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CHRO Issues Report on Zoning and Discrimination in CT


(HARTFORD, CT) – The Commission on Human Rights and Opportunities today released its report “Connecticut Zoning and Discrimination, 2021.” The report analyzes the state’s various zoning regulations and the resulting segregation throughout the state. It provides an overview of exclusionary zoning policies, the lack of affordable housing in the state, the intersectionality of housing segregation and its impact on education and health equity, and a summary of recent and relevant court cases. 

Connecticut is one of the most racially segregated states in the nation. While some of the most extreme policies and practices that resulted in that segregation have been outlawed, segregation persists today. The report recommends the state find multifaceted solutions that allow people to find affordable housing in all parts of the state while also investing in communities where Black and Latinx people are currently living.  The report makes multiple policy recommendations based on the findings of the report, including: 

  • Eliminate zoning bans on multifamily housing and accessory dwelling units;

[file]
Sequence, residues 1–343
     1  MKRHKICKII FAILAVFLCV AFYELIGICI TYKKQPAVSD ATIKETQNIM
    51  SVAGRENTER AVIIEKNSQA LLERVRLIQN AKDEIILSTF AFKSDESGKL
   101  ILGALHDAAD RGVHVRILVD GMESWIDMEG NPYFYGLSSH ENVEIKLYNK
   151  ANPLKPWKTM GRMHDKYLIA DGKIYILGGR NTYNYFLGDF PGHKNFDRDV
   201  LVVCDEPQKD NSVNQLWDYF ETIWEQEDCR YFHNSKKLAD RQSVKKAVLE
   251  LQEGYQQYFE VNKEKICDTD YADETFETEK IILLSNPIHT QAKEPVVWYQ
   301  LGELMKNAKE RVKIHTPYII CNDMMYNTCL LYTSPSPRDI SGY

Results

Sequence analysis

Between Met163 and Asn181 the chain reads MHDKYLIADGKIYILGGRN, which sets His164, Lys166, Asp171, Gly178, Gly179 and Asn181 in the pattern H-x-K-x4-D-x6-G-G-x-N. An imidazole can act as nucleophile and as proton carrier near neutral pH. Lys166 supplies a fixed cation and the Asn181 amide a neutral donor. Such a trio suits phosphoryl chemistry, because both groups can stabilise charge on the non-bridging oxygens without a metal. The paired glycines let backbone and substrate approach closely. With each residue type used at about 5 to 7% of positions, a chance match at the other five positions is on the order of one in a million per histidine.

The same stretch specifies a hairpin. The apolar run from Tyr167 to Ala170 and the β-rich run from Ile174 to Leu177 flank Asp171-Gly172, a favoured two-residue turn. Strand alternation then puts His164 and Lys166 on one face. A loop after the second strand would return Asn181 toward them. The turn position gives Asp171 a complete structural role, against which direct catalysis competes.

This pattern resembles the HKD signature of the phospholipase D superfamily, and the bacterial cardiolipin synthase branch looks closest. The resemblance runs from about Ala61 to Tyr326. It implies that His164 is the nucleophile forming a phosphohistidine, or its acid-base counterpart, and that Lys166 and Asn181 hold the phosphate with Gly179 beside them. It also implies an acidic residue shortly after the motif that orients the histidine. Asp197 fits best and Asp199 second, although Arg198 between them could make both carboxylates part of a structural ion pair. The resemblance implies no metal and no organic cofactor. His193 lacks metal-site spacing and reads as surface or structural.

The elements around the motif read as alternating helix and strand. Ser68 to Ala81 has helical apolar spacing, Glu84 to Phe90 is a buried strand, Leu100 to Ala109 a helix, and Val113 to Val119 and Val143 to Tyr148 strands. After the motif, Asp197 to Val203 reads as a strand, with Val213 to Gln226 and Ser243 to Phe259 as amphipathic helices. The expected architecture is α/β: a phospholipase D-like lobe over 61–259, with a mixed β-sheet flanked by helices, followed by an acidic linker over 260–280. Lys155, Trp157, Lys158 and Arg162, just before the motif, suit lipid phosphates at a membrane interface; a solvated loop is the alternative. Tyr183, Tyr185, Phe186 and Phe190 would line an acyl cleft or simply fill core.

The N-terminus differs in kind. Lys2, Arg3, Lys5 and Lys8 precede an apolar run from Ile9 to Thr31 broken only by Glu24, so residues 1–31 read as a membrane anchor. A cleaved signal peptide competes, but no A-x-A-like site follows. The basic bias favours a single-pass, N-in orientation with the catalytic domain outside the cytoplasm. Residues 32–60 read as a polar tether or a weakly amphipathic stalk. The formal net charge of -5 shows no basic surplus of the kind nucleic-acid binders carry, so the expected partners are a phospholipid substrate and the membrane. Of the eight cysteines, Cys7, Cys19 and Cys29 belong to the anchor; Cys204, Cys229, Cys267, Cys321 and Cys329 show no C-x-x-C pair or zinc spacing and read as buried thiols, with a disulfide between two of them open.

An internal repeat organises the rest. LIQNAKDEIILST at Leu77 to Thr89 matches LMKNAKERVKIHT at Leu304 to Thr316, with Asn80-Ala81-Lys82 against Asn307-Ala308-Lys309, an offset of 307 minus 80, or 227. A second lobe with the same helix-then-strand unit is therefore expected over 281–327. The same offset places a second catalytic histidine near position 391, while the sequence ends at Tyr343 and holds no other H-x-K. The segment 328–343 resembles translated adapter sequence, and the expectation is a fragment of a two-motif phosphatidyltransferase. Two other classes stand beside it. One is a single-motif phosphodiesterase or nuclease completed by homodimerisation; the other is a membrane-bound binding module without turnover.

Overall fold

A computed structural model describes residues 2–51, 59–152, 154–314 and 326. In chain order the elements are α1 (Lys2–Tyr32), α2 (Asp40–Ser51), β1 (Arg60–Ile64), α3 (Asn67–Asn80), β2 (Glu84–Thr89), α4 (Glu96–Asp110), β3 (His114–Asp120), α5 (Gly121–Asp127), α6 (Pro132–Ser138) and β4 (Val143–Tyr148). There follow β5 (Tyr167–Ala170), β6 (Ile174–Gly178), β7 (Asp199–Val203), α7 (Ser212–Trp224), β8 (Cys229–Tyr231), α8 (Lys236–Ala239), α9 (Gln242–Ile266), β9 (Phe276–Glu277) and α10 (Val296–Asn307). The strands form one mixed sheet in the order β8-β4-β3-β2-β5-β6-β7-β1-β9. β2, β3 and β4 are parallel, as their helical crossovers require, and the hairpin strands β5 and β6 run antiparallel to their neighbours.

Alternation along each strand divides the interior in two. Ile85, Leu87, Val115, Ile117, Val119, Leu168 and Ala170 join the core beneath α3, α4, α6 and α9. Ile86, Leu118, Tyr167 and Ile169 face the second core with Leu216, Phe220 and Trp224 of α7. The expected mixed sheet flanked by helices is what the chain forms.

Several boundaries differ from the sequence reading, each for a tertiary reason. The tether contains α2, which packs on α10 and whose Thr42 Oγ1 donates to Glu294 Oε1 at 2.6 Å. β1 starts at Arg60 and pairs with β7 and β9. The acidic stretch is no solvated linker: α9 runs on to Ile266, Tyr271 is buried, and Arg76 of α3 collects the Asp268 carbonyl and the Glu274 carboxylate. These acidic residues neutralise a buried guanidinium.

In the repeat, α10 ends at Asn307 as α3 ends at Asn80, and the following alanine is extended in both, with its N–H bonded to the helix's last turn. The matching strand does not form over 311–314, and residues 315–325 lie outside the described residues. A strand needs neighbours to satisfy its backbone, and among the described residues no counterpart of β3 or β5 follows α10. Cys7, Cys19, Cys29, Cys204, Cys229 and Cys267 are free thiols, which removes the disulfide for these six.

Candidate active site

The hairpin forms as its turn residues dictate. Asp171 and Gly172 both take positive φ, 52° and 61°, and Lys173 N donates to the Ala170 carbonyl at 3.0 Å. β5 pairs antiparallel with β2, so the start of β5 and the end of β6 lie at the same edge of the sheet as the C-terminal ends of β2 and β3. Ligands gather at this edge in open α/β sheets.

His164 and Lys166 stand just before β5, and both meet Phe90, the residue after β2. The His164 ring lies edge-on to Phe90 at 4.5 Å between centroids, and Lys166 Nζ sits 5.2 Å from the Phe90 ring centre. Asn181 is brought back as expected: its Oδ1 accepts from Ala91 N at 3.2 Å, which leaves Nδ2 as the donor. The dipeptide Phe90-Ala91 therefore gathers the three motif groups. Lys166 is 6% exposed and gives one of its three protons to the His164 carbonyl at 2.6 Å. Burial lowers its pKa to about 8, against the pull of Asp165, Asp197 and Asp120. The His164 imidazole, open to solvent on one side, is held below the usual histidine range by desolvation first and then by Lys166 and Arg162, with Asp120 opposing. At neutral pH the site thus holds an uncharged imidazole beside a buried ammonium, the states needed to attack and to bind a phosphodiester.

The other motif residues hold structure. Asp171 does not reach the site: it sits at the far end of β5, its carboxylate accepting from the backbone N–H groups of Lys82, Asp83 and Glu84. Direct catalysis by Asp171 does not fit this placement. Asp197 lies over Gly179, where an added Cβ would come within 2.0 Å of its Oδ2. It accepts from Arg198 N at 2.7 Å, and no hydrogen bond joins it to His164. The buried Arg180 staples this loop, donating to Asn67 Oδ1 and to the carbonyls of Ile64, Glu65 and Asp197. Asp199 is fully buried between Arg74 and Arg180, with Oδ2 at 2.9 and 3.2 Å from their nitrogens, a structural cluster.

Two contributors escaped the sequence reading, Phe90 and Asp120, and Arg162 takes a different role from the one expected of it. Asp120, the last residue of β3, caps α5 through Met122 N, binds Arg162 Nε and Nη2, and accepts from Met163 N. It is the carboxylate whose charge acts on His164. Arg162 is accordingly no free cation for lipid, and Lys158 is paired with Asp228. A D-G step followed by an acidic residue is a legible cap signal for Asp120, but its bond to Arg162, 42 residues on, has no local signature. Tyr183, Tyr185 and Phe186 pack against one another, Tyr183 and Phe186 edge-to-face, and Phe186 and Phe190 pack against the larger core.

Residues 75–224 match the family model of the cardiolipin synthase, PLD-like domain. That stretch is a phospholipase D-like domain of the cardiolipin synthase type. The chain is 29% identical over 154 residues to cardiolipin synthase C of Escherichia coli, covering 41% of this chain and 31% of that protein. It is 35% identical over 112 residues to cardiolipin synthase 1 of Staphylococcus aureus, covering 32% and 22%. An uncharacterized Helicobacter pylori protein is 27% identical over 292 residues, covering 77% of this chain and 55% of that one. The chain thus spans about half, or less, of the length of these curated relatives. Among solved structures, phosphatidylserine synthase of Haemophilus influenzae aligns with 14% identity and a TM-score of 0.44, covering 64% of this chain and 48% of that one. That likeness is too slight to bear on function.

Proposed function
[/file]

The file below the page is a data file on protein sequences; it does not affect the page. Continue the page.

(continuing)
• Eliminate excessive requirements for lot size, setback, height, parking, and density; 
  • Regionalize education funding to distribute education resources more equitably; 
  • Require racial equity be considered in the development of municipal affordable housing plans; 
  • Create a scheme where each town is responsible for a fair share of affordable housing that includes housing for families in addition to affordable housing reserved for older people and people with disabilities. 

“The report’s findings confirm what those of us who work on these issues already know: Connecticut’s zoning laws have historically led to widespread segregation and that pattern continues to this day,” said CHRO Executive Director Tanya Hughes. “This report adds to the overwhelming evidence that these zoning policies create significant and wide-ranging inequities in our state that are irresponsible to ignore. These cumulative inequities magnify the injustices experienced by Black and Latinx residents of our state, leading to racial profiling, negative health outcomes and lower educational opportunity.” 

“While the CHRO was heartened to see the legislature take an increased interest in the subject of zoning this year, we hope in the future this interest will lead to substantive change that provides equal opportunity regardless of zip code,” said CHRO Deputy Director Cheryl Sharp. “In the meantime, the CHRO continues to enforce the state’s housing antidiscrimination laws and to advocate for change alongside Desegregate Connecticut, Open Communities Alliance, and our other partners.” 




Contact:   Michelle Dumas Keuler